Masungi and partners deploy enhanced forest protection solutions and monitoring trails in critical areas of the Masungi Geopark Project (MGP). This comes as a response to threats of quarrying, forest fires, kaingin, hunting of wildlife, landgrabbing and logging in its reforestation areas during the lockdowns.
Recently, park rangers from the Masungi Georeserve Foundation and members of the 80th Infantry Battalion conducted a joint patrol to inspect and secure pine trees and areas recently saved from quarrying.
“The participation of enforcement agencies like the Army and PNP is critical to ensuring the sustained protection of Masungi, and we thank them and their leaders for their dedication in protecting our threatened forests,” Ann Dumaliang, Managing Trustee, said.
The Department of Environment and Natural Resources under the leadership of Secretary Roy A. Cimatu has also instructed rapid response teams from local offices to enforce environmental laws at Masungi and the Upper Marikina River Basin Protected Landscape (UMRBPL).
International organisations such as the National Geographic Society, Wildlife Protection Solutions, and Vulcan have also extended their expertise by providing camera traps and remote monitoring technology.
“These will not only help in preventing harmful encroachments but also in documenting and telling field stories through photography and sound. We are in talks with more partners to make Masungi a model for enforcement using the latest conservation technology,” Dumaliang noted.
A landmark reforestation initiative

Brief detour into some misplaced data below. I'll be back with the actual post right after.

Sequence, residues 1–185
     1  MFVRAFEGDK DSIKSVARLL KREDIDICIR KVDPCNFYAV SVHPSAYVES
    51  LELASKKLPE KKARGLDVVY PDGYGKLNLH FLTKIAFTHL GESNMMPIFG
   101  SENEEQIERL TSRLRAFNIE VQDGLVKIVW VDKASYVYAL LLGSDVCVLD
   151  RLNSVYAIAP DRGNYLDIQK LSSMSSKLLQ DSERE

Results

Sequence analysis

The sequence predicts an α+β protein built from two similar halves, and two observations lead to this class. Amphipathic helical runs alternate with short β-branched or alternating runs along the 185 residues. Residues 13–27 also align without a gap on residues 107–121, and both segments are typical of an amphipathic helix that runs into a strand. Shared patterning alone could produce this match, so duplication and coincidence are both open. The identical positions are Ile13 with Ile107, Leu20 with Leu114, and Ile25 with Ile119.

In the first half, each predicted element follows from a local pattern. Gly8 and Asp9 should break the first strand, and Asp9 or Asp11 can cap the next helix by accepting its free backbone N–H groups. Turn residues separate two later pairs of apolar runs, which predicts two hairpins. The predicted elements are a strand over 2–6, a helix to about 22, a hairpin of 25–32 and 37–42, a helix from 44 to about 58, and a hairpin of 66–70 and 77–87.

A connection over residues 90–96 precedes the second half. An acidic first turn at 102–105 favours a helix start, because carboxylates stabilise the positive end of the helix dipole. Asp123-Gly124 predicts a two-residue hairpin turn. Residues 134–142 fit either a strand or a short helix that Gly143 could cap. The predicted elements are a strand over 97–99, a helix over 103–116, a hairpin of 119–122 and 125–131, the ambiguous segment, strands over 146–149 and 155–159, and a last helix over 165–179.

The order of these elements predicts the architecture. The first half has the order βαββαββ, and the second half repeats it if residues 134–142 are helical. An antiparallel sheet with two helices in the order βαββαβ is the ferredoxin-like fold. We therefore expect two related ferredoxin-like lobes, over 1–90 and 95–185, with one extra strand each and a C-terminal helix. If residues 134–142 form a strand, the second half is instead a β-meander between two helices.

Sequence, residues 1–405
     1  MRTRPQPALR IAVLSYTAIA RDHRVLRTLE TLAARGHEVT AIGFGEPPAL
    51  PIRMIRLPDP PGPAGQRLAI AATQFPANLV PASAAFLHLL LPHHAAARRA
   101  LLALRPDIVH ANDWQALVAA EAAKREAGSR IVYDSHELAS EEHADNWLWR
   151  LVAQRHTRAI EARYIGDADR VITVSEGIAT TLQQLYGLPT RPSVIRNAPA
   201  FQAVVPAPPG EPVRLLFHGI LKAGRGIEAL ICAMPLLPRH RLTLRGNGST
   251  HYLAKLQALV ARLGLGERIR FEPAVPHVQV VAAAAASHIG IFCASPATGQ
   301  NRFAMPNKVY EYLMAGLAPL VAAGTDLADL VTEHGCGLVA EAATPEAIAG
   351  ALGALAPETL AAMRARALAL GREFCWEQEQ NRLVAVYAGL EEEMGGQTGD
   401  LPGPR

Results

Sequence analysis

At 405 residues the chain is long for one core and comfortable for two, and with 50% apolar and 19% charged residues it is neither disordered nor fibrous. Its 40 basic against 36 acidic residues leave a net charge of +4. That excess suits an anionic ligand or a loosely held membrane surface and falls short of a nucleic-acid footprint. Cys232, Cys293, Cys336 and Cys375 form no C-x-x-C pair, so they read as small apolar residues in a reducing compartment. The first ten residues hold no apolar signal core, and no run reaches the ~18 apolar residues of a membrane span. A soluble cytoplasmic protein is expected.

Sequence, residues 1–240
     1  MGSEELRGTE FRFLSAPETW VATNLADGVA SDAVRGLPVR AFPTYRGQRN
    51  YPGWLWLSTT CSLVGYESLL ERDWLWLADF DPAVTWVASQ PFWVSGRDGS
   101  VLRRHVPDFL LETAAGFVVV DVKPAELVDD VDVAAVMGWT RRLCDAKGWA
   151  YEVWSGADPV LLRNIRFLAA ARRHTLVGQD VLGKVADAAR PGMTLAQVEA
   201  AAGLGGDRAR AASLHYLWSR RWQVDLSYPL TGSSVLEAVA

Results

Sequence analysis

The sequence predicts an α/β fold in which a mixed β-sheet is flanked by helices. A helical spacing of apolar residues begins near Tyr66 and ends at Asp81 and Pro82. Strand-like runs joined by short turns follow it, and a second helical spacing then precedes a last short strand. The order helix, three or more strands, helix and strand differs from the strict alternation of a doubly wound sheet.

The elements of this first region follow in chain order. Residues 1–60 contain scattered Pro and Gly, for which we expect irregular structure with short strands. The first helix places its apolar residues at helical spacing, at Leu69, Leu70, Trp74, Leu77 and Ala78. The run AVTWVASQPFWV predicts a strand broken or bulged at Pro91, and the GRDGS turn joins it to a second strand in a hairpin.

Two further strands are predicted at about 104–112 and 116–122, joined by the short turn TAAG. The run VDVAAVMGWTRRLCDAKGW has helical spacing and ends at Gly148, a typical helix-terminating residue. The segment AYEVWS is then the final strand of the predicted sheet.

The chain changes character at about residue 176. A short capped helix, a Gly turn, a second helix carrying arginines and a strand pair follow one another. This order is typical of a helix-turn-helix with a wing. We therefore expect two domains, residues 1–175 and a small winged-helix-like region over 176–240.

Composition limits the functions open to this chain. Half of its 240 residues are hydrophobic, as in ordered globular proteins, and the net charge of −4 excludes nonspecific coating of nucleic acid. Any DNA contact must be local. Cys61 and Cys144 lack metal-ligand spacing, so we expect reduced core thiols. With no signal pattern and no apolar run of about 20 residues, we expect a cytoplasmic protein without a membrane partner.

The MGP — one of the largest collaborative reforestation projects in the country — aims to rewild some 3,000 hectares of degraded lands around the award-winning conservation and geotourism project, Masungi Georeserve.
By creating a “wildlife corridor” between the Upper Marikina Watershed and Kaliwa Watershed, the project will help restore depleting water, prevent dangerous landslides and flash floods, and provide green livelihood to local communities while bringing back native biodiversity, almost entirely financed by innovative and low-impact geotourism.
At the onset of the quarantines, a quarry operator attempted to block access of park rangers to almost 500 hectares of the reforestation area by hammering barbed wires into native tibig trees. Secretary Roy Cimatu of the Department of Environment and Natural Resources (DENR) has vowed to cancel quarrying permits inside the protected and conserved area.
Partnerships for nature
Before this, the reforestation site has suffered decades of abuse and neglect from illicit and large-scale buying and selling of forestland, illegal logging, and land conversion, resulting in the loss of almost all tree cover and destroying habitats of native wildlife like the Tarictic Hornbill, Luzon Cloud Rat, and the rare purple Jade Vine, which can only be found in four other places in the country and the world.
The MGP has planted and nurtured over 47,000 native trees together with over 200 corporate partners, 40 school and educational partners and over 30 NGO and research partners. It engages up to 100 full-time park rangers and supports clean water interventions as well as recent COVID response for over 250 households.
Those interested to be a partner in this ambitious project can contact the team at firstname.lastname@example.org.